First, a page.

Century Dictionary and Cyclopedia
- A syllable used to express the sound of a hiccup, particularly in representing the speech of a drunken person as interrupted by this sound.
- n. A hiccup.
- To hiccup.
- interj. An approximation to the sound of a hiccup, used e.g. to indicate drunkenness.
- onomatopoeia (Wiktionary)
“Iam I'm gratias ago meus felicis astrum ut Conor non ut tenuis quisquam in hic quoniam coniecto quis?”
“The so-called hic-et-nunc *-i is never used in the negative mood eg: *h₁ésti "It is."/*ne h₁ést "It's not" - the secondary endings were thus by current definition tenseless.”
“I thought it was "hic", but the reference I consulted gave me "huc", so I went with it; if it's wrong, that's reassuring.”
“Lastly, I think you want "hic" instead of "huc" though since you didn't provide the English that you're trying to render, I can't be absolutely certain.”
“June 12th, 2008 8: 53 pm ET john mccain can, 'hic', veto mly beer whens he can pry it flom mly colold dead flingers. 'hic ”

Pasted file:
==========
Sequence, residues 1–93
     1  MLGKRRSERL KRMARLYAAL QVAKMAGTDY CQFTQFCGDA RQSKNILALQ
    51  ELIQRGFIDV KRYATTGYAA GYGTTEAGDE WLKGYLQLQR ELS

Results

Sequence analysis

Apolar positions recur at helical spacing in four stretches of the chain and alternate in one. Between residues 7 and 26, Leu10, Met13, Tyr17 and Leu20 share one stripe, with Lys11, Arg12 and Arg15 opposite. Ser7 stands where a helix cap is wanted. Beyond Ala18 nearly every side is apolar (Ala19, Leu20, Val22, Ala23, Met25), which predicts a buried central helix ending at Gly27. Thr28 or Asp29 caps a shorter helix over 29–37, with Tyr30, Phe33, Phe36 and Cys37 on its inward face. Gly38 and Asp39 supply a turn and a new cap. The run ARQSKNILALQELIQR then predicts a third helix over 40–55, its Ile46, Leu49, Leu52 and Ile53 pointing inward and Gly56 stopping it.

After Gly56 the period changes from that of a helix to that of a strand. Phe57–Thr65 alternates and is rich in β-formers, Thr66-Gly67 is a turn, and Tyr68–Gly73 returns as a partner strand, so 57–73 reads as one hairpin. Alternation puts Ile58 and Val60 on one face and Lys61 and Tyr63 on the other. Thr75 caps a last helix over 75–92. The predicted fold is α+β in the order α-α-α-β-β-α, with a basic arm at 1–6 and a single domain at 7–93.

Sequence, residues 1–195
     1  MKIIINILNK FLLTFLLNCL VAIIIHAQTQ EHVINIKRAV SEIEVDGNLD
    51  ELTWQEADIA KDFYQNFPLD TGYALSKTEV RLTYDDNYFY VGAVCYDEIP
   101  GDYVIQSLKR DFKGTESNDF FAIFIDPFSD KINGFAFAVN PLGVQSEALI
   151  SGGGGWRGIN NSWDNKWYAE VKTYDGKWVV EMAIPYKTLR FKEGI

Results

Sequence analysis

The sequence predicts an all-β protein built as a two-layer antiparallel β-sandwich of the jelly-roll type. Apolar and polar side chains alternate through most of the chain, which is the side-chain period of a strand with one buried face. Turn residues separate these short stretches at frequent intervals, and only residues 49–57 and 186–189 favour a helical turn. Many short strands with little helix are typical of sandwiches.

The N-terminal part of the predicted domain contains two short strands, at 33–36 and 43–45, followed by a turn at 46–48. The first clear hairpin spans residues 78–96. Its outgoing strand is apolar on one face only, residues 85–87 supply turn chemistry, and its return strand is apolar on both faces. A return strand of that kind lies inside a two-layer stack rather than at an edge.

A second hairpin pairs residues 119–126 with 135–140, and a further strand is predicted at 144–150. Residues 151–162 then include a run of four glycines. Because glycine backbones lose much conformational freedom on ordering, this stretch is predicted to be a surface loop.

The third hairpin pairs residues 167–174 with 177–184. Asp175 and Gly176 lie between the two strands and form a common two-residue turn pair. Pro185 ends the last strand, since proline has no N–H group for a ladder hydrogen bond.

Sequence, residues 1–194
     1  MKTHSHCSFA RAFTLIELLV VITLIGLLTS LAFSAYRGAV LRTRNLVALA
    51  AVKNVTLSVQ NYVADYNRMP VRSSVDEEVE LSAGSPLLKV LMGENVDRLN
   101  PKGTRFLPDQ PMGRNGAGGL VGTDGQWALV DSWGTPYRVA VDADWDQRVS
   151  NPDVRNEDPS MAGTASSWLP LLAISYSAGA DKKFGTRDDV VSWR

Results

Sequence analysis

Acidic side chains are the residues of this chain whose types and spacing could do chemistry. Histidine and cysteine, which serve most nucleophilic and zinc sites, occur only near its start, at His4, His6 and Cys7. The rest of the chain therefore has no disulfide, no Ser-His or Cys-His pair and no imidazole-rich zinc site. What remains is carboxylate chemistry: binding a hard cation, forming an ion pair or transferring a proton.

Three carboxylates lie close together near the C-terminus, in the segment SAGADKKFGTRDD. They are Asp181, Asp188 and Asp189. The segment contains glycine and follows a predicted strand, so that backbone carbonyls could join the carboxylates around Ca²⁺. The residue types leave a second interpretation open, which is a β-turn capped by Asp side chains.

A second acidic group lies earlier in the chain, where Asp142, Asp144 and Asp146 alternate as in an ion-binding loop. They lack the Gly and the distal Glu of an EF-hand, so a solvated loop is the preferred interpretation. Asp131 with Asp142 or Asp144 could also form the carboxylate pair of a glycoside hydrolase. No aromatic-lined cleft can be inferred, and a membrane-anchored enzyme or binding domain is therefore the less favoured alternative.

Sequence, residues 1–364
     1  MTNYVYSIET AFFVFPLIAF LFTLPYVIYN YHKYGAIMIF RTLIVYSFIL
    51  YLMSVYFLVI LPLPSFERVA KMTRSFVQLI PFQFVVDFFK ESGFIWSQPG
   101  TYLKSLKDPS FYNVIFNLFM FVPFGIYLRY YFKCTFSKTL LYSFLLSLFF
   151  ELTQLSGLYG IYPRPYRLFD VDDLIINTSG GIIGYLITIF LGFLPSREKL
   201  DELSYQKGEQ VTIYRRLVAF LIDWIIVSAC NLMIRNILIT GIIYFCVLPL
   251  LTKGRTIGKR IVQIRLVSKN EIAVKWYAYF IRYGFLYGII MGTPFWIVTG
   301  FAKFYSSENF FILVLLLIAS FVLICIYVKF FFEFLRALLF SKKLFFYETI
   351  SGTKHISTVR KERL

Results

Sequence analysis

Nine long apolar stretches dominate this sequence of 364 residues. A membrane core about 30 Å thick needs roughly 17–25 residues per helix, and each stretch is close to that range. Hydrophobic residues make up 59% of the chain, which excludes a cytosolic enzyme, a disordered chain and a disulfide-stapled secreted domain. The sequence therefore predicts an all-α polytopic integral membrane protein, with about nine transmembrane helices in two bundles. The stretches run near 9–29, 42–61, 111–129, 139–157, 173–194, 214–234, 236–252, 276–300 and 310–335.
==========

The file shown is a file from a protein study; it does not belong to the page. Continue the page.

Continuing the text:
“The "hic" I guess is being a dogooder without getting taken advantage of and being a mark for those who are just see a great opportunity.”
“The distich caused discussion regarding the quantity of "hic", but the pope defended the prosody of Voltaire who confirmed his opinion by a quotation from Virgil which he said ought to be the epitaph of”
“Noddy thought he did "hic;" but with the assistance of the sailors, the captain got on board, and went down into his cabin.”
“Somers was not a "hic;" but he was an impatient young man, and very anxious to be instructed in regard to his difficult and dangerous mission.”
“The only "hic" is that I would need to "declare" myself as an artist.”
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When in Rome...
Latin words from the ordinary of the Mass that do not have obvious English cognates. For a complete list of words used in the Traditional Latin Mass (the Extraordinary Form of the Roman Rite), see ...
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